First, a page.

About Beth

Beth, along with her husband, Mike, is co-owner of two Italian Deli/Markets in St. Louis - Viviano’s Festa Italiano. When not creating yummy new menu items for the deli, she’s the pediatric research lab supervisor at Washington University School of Medicine. Read more out about Viviano’s Festa Italiano.

About Irene

Irene loves to think, read and dream about food. She enjoys cooking & eating in general. Although she demures about her talents, Irene has a finely-tuned palate that her friends envy. She bakes on occasion. The rest of the time she's creating memories with her family and friends. . . or she's learning a new needlecraft technique.

About Deborah

Deborah is a wife, mother, grandmother, traveler, bootlegger, and a very poor speller! As Victor Hazan so eloquently puts it, Deborah has chosen Umbria to be the home of her soul. When she can’t be there in body, she spends her free time cooking & reading about Italy. She blogs mostly about food and about trips – past and future – here: Old Shoes New Trip.

About Doug

Doug lives in Eastern Ontario in a farmhouse built in 1903. He is a retired teacher with four adult children, a wife, a son-in-law, two Irish step-grandchildren and one grandson who he is lucky to hang with a lot. He has way too many books. Doug also blogs at To Slow Time Down.

About Cindy

Cindy lives in Eagle River, Alaska where her freezer is always full of salmon, halibut & shrimp. Cindy participates in several regular cooking challenges. You can read more about her cooking and life in the last frontier on her blog, Baked Alaska.

About Sandi

Sandi is a true Southerner, but a traveler & Italian cook at heart. She lives in Alabama and knows more about fried green tomatoes than fricassees. Her family owned the WhistleStop Café for many years. Sandi also blogs at Whistlestop Cafe Cooking.

About Jan

Jan, a serious home cook, has owned “Essentials” since 1992. She is passionate about all things Italian, especially the cuisine & the language. Jan blogs about her travels (next trip Italy May/June of 2010) at: Keep your Feet in the Street.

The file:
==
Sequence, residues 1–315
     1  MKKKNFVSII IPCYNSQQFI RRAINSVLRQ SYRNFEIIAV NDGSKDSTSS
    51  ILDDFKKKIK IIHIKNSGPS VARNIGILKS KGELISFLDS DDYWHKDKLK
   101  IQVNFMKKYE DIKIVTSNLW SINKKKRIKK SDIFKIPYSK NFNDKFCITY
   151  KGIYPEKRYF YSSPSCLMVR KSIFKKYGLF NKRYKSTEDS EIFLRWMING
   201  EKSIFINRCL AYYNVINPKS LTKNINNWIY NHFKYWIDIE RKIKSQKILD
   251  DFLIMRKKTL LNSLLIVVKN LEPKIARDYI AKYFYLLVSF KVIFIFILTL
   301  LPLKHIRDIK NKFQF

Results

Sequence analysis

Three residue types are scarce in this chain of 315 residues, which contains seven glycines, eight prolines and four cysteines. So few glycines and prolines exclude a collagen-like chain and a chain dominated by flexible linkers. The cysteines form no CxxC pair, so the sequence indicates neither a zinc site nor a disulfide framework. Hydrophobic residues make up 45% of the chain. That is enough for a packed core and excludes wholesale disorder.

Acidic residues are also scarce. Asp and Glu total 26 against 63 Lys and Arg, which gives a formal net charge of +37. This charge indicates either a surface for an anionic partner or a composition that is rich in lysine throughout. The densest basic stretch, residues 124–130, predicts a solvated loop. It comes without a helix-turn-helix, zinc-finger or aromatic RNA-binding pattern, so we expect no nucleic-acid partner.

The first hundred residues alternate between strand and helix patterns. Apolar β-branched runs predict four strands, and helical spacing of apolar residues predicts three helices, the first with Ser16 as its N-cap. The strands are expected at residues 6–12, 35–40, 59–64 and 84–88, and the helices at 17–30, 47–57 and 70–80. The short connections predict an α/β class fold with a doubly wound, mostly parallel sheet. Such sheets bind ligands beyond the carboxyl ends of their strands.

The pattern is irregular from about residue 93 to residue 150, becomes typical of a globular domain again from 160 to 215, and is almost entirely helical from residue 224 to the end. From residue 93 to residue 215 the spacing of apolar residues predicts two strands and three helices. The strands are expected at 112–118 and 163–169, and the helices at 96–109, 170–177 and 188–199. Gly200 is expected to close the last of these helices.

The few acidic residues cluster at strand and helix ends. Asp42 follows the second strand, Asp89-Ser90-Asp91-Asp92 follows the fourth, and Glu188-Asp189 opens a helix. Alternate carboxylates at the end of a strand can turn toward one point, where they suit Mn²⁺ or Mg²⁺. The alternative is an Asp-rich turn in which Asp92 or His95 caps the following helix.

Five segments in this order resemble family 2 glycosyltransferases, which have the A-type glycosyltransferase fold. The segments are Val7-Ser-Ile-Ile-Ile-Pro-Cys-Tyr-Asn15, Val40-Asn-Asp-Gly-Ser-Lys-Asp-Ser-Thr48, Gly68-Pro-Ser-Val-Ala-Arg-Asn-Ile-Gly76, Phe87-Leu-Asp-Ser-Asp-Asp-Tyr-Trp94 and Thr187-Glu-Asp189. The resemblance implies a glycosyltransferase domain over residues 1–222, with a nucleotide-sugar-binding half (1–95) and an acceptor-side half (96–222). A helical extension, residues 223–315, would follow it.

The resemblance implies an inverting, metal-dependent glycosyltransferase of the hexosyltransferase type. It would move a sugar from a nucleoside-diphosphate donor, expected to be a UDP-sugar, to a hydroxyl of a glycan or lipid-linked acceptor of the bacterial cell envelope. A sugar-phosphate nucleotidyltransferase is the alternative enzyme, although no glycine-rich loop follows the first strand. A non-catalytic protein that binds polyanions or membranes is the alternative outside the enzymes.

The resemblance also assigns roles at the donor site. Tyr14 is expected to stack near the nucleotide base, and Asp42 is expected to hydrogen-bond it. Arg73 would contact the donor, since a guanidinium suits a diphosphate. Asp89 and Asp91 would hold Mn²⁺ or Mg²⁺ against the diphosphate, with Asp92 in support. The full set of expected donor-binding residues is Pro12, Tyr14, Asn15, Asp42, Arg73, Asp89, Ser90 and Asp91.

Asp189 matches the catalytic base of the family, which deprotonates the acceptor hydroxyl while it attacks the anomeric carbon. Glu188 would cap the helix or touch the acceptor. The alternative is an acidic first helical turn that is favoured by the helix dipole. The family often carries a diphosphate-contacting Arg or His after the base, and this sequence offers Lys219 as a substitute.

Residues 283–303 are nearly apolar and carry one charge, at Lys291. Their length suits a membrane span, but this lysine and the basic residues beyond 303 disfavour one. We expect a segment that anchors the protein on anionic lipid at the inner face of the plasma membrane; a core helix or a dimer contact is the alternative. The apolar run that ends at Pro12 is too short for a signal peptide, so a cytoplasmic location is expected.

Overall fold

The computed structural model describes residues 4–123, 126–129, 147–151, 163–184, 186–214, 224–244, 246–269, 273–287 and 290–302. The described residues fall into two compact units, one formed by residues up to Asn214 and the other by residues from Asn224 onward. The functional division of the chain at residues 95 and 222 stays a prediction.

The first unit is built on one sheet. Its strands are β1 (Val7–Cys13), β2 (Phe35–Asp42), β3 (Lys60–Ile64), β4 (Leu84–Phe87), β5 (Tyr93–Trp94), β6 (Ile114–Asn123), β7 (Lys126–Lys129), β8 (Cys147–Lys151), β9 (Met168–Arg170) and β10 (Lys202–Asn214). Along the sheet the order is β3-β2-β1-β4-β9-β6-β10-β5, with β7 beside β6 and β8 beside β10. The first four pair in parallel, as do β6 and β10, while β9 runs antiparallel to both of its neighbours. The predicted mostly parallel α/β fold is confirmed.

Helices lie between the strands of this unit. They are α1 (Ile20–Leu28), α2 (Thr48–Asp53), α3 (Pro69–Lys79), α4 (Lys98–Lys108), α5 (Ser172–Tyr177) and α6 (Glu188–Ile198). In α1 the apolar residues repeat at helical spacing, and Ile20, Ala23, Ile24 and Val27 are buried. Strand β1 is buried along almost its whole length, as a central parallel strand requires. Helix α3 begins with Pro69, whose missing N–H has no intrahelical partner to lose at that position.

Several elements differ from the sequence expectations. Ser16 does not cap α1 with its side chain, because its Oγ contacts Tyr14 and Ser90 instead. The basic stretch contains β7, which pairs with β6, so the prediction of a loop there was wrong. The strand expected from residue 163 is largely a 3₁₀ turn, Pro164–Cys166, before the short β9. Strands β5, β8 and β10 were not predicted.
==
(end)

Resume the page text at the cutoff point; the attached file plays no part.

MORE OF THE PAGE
About Jerry

Jerry is a food obsessed Canadian. He learned to love Italian food as a child while eating the meals prepared by his Napolitano uncle. He learned to cook Italian foods by watching his uncle cook these feasts for the family. This love of Italian food has been honed through serious personal experimentation in eating and cooking. Willing to try most anything once, Jerry isn't so sure about tripe! Jerry also blogs at Jerry's Thoughts, Musings, and Rants!

About Palma

Palma is a Marriage & Family Therapist in Palm Desert, CA. She’s an Italian-American with a passion for cooking, entertaining, & travel to Italy. She’s always planning her next culinary adventure to Italia on her blog, Palmabella's Passions

About Kim

Kim is our permanent sub and the image above gives you a good idea of the look on her face when she realized she was drafted. Kim loves to eat, drink, travel and cook - probably in that order. When she's not here, you can find her organizing and leading food, wine and beer tours in Europe as co-owner and operator of GrapeHops or blogging at What I Really Think.

« Crisp-Fried Artichoke Wedges | Main | Gratin of Artichokes, Potatoes and Onions »

Gratin of Artichokes


Most of us went through the vegetable chapter and cooked ahead to take advantage of peak season. But, somehow, I missed the boat on my very first - artichokes. When I realized my oversight, we were already into late November. So I began searching for a suitable substitute for fresh and finally settled on a jar of baby artichoke hearts I found at Sam's Wholesale (of all places).


The brand name was unfamiliar to me, but it was preserved only in water, salt, and citric acid. In addition the company, Terra Verde, promotes its corporate responsibility and humanitarian efforts with an interesting, if somewhat self-congratulatory, story on the side of the jar. I decided to give them a try.


Of course I had to skip the instructions for boiling the artichokes and instead soaked them in several changes of icy water, then drained them on paper towels and patted very dry before slicing. Since I was serving this with Christmas dinner I quadrupled the recipe to serve 16.


After slicing each artichoke heart, I layered them in a buttered baking dish alternating with fresh grated parmigiano-reggiano and dots of butter. The top layer had an additional layer of cheese.


They baked on the top rack in a 375 degree oven for about 20 minutes until the cheese crusted a beautiful golden brown.


Even though this was a delicious side dish, and everyone said they enjoyed them very much, I could still tell that they were not made from fresh artichokes. Regardless of the extra effort to rinse and rinse again, you could still taste that slight tang of a "preserved" taste. This spring I'll make them again, from scratch.

Comments (1)

Marcella Hazan:

Butter and parmigiano, when used liberally, can mask a lot of defects, but they can't turn tinned vegetables into fresh. What surprises me is the difficulty you have if finding artichokes. There are a lot of them in the market, both the globes and the babies. If I can find them at Publix, not to mention Whole Foods, is it possible they are wholly absent from St. Louis?

Your finished dish looked pretty good, however, and I am sure it went over well with the guests.

Deborah responds:
There weren't any in our regular grocery stores (Schnucks & Dierbergs) There weren't any at my cherished Global Foods. I have to admit that since Whole Foods is pretty far from my house, I didn't try there. I probably would have found them if I had.

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